US economic growth accelerated in the third quarter to 2.5 per cent confirming expectations that the economy was improving.
The result was down to an increase in consumer, business and federal government spending. The Bureau of Economic Analysis, a department of the US Dept. of Commerce said:
"The acceleration in real GDP in the third quarter primarily reflected accelerations in PCE and in non-residential fixed investment and a smaller decrease in state and local government spending that were partly offset by a larger decrease in private inventory investment."
The forecast consensus among economists suggest that the USA will continue to grow at a steady rate of two per cent throughout the rest of 2011 and most next year as well. Prior to the banking collapse the United States' economy was growing at 3.25 per cent.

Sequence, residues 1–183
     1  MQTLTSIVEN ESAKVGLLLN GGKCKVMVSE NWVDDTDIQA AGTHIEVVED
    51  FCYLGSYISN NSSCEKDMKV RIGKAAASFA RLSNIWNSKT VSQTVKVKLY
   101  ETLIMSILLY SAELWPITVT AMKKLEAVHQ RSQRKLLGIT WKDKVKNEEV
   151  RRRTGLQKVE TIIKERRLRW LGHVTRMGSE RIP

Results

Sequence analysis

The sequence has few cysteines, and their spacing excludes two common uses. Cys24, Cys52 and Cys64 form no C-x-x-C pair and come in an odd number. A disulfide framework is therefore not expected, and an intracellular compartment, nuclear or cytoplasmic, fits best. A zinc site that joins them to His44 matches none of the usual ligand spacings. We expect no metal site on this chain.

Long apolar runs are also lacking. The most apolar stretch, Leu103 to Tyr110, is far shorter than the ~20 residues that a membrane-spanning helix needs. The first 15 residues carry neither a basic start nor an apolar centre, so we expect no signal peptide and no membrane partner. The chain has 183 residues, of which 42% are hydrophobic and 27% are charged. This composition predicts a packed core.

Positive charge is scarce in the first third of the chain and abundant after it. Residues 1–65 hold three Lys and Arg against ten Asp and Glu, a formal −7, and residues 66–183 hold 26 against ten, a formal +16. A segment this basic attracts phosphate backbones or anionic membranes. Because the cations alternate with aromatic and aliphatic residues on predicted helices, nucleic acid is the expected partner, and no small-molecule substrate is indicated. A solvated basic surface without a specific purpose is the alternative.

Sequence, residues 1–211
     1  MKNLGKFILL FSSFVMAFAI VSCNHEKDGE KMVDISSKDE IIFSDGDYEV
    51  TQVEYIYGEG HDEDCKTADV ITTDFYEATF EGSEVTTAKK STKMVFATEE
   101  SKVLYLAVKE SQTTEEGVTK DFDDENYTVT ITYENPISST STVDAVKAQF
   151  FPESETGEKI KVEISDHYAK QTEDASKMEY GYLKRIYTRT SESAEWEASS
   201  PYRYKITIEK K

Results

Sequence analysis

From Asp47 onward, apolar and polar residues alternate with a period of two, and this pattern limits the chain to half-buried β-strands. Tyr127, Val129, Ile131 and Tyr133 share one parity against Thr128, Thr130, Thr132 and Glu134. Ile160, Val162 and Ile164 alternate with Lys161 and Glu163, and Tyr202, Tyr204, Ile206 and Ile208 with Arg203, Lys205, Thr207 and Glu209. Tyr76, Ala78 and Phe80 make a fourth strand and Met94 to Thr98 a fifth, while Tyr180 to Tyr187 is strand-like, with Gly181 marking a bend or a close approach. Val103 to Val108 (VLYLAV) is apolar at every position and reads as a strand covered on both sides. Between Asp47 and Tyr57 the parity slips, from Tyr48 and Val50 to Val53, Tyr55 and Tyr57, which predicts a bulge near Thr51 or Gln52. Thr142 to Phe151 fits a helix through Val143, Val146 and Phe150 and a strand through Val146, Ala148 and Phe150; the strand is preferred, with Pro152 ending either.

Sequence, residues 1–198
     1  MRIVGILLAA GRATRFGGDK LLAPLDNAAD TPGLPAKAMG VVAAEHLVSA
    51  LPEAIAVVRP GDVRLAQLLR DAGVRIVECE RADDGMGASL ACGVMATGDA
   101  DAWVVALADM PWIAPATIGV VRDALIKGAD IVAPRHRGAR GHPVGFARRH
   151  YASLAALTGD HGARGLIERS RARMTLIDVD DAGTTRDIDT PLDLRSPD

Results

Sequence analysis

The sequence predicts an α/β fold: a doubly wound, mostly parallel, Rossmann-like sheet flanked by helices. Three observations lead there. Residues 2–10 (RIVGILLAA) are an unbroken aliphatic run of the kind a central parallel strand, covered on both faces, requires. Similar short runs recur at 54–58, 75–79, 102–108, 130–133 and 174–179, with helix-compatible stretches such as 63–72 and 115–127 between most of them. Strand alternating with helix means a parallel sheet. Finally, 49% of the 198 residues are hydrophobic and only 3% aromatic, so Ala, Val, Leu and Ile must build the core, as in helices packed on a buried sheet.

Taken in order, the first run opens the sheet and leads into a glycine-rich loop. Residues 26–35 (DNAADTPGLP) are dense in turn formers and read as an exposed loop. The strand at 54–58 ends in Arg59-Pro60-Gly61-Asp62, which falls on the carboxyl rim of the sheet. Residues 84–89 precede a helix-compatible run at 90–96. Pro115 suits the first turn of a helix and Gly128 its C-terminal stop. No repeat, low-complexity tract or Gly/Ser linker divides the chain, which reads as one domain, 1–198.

Any such hopes of a strong economic bounce back, however, which would require growth of around four per cent, have been somewhat abandoned as the economy is still giving mixed signals.
"The better growth performance in the third quarter doesn't mean that the economy can't 'double-dip' back into recession," said Nigel Gault, an economist with HIS Global Insight, ahead of the report. "But it suggests that it has more momentum than there seemed to be just a month or two ago, and underscores that the primary recession risks are from external shocks, with Europe the biggest wild card."
The figure means though that for the first time in a long while, both sides of the Atlantic are enjoying a surge in the markets after two years of almost consistent trouble.